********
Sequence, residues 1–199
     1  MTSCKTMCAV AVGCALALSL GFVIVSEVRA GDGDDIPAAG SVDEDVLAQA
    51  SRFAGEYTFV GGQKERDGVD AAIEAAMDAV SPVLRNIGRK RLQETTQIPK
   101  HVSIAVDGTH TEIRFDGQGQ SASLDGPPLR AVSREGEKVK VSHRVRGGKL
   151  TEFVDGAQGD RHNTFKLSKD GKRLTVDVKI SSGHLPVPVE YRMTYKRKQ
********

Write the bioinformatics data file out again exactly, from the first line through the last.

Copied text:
Sequence, residues 1–199
     1  MTSCKTMCAV AVGCALALSL GFVIVSEVRA GDGDDIPAAG SVDEDVLAQA
    51  SRFAGEYTFV GGQKERDGVD AAIEAAMDAV SPVLRNIGRK RLQETTQIPK
   101  HVSIAVDGTH TEIRFDGQGQ SASLDGPPLR AVSREGEKVK VSHRVRGGKL
   151  TEFVDGAQGD RHNTFKLSKD GKRLTVDVKI SSGHLPVPVE YRMTYKRKQ